Penzance investment means all change at the end of the line

Penzance Ponsandane Sidings under construction (Image Simon Walton)(Image Simon Walton)

A multi-million-pound project is underway at Penzance, in the southwest of England. A new stabling and maintenance facility is under construction. When operational, it will allow longer passenger train formations to be serviced locally without a costly transfer to Plymouth, almost eighty miles (approximately 130km) to the east. The increased capacity offers the prospect for future freight operations.

The infrastructure agency Network Rail, and the franchised passenger train operator Great Western Railway, are collaborating on a project to build three new sidings as the basis of a 6.55 million pound (7.8 million euros) front-line maintenance facility, capable of handling the 800 series bi-mode Hitachi trains that now form the mainstay of the long-distance service to Plymouth, Bristol and London. Greater train handling capacity provided locally offers the additional prospect of expanding the current express logistics offer from Penzance.

Light logistics could benefit

The new, longer sidings will mean the passenger operator GWR will be better able to service and run longer, nine-carriage trains between London Paddington and Penzance. There is also the prospect of reintroduced freight operations, with on-board light logistics the most likely benefactors. One company, InterCity RailFreight, already transfers premium seafood from the region by using spare capacity on passenger trains. The fast-growing online logistics sector is well suited to the West Country, where road communications routes can be congested and time-consuming.

Servicing longer trains at Penzance would be a jobs boost in itself for Cornwall (Image Simon Walton)

The new facility, nominated by Ponsandane Sidings, will be built to the west of the existing Long Rock Depot, which is around one mile from Penzance station. The development means Penzance will be able to accommodate longer trains by providing a dedicated place for the trains to be stored, cleaned and prepared before re-entering service.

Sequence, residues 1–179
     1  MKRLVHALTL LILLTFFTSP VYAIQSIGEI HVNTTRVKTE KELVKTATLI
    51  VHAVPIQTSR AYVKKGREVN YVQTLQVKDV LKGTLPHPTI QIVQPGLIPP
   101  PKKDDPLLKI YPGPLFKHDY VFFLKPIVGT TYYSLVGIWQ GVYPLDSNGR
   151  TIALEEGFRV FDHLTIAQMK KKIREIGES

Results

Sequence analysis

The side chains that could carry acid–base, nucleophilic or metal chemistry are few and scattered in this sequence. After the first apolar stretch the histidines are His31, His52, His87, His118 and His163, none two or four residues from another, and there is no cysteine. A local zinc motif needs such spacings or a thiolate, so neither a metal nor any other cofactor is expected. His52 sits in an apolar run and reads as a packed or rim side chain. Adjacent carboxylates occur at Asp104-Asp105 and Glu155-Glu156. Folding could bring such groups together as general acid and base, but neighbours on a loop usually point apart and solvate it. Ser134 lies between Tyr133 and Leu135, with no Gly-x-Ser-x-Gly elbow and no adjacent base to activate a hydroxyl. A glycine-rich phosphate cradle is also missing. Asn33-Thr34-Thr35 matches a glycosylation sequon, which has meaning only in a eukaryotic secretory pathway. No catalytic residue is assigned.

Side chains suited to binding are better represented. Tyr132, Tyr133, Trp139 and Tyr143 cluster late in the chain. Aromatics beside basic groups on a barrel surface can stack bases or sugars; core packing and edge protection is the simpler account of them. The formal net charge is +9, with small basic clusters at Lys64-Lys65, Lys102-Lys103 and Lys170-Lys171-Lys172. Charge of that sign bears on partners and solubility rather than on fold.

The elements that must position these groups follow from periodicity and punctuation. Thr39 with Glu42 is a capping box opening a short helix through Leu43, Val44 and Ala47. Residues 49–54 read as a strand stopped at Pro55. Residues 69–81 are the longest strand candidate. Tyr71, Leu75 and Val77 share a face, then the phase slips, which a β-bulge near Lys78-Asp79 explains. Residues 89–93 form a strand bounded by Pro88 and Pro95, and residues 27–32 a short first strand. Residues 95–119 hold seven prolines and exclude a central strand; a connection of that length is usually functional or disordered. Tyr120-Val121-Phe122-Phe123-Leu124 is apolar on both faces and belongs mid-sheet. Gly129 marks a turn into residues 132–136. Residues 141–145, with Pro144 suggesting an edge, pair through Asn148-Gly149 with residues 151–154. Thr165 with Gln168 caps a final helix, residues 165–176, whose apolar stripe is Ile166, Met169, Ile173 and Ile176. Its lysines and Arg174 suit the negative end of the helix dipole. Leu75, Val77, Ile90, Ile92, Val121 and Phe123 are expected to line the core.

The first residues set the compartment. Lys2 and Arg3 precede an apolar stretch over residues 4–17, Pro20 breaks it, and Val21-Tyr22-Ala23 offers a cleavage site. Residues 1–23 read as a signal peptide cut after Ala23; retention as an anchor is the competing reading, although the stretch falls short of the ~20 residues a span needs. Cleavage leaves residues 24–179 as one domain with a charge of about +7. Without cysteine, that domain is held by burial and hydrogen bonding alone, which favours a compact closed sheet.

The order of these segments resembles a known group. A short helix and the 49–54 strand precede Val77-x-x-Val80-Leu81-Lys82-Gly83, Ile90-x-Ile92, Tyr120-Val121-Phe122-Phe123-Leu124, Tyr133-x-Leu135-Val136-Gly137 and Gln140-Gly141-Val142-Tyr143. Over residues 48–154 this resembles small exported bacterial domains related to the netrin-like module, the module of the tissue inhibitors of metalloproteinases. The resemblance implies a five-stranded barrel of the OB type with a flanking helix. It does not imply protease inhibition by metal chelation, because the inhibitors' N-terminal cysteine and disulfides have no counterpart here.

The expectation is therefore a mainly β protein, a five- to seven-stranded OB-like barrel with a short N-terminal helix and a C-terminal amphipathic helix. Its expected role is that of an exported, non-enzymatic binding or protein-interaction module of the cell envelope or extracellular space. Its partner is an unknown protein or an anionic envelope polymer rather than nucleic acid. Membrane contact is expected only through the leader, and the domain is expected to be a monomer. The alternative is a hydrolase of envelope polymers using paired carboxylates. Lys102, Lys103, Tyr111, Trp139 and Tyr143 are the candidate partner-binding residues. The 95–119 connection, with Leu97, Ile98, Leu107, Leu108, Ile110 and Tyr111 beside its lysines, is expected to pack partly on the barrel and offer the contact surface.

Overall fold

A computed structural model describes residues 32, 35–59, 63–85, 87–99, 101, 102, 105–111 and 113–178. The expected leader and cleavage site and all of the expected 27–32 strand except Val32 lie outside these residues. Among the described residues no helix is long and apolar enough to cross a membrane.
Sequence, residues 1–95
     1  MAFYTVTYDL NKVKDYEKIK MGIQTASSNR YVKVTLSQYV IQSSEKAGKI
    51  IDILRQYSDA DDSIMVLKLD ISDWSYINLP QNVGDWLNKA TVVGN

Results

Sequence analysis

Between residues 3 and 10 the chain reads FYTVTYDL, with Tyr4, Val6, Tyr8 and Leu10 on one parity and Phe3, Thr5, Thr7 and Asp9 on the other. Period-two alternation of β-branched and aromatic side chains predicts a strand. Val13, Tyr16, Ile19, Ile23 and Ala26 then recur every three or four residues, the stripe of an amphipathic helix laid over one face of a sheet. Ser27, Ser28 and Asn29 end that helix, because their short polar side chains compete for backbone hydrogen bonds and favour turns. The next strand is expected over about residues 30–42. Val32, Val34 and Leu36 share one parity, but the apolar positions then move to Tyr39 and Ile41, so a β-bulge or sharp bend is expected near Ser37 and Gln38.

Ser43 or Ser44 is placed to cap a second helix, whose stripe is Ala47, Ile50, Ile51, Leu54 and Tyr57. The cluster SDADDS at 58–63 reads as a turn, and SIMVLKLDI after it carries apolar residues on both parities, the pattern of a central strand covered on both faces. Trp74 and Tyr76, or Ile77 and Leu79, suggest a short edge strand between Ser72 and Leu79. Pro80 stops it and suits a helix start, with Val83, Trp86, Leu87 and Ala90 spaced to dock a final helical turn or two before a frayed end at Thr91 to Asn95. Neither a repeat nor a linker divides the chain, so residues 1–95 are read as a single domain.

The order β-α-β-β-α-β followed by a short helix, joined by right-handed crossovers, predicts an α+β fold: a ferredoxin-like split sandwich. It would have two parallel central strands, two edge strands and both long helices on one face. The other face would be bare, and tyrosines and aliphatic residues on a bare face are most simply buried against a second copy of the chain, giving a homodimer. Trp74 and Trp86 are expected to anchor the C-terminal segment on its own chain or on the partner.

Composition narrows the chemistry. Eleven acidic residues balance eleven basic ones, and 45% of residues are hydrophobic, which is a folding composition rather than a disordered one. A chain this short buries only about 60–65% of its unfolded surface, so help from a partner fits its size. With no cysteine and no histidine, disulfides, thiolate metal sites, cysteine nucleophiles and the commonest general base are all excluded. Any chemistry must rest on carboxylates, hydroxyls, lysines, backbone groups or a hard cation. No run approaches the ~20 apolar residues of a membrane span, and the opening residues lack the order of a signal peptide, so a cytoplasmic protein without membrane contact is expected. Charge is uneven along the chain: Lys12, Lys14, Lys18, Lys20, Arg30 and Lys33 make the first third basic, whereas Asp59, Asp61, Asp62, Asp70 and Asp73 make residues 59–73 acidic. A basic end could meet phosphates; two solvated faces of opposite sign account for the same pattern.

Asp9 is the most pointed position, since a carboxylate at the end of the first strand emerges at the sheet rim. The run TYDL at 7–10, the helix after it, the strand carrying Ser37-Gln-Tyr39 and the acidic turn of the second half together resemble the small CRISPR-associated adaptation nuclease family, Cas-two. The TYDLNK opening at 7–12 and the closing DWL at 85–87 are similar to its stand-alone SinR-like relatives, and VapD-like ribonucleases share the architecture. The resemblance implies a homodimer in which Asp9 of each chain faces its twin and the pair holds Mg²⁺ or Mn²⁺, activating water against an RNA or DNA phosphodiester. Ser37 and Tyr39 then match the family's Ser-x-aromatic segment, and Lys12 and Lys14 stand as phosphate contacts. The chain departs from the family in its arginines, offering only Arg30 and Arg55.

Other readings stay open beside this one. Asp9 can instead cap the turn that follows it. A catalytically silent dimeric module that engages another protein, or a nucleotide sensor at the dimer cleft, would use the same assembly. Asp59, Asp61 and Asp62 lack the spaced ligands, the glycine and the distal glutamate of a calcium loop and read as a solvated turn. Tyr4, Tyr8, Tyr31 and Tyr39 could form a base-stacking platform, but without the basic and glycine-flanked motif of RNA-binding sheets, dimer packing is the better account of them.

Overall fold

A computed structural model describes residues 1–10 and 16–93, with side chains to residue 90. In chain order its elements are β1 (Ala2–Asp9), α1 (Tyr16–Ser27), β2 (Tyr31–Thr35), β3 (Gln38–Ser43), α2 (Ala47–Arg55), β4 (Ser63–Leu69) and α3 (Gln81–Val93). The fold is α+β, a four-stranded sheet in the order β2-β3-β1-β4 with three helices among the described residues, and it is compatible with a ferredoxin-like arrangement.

Continuing investment in Cornwall’s railways

Construction of the new sidings has been underway since Spring, and is expected to be completed within a year. Once complete, the new sidings will enable an increase in capacity near the depot, better allowing GWR to clean and maintain its fleet. The local authority claim the sidings will also support business, tourism and connectivity in Cornwall. The local authority is also sponsoring civic works on adjacent land.

“We are continuing our investment into the railway in Cornwall”, says Christian Irwin, Network Rail’s Industry Programme Director for the South West of England. “As the country looks to recover from the Covid pandemic, it has never been a more important time to invest in rail and ensure the railway is an efficient, affordable and reliable green transport option.”

Industrial past and industrial future

Penzance and the South West region do have an extensive industrial heritage, which relied heavily on the railways for its development. Agricultural produce and the fishing industries prospered on the back of fast logistics to markets in more populous regions. mining, mainly for tin, was also a benefactor. Possible future industrial development has been mooted, with commercially significant deposits of lithium in the region.

Rail made possible the profitable export of fish from the harbour at Penzance. The new sidings may help revive that traffic (Image Simon Walton)

More immediately, the new sidings will provide for more efficient operations and make rolling stock more readily accessible for light logistics opportunities. This latest funding announcement is part of Network Rail’s ongoing investment into the railway in Cornwall. Other works include upgrades to passenger facilities in the region and collaboration with Network Rail to support plans for a proposed future Mid-Cornwall Metro, which is among the successful bids for the UK government’s fund to restore rail connections.

**UK businesses can soon share their stories in a full-colour digital magazine tailored to the UK rail industry. The RailFreight UK Christmas Special will be published on 15 December. Details, including how to take part, can be found here.

Author: Simon Walton

Simon Walton is RailFreight's UK correspondent.

1 comment op “Penzance investment means all change at the end of the line”

bönström bönström|29.10.22|21:51

Maintenance, predictive, “optimal”…, etc., is big business – and mantra…
Simply, however, an optimal railway, now is the needed!
Stuck in standards, optimal when steam was shifted out, currently, devastatingly, railways is not optimal, neither for Industry, nor for clients.
Quality pays and at transports those devices, now handsomely rewarded are redundant, resilent and robust!…
(Causes of disturbings, frequent and costly maintenance of infrastructure…, decisively has to be outed!)

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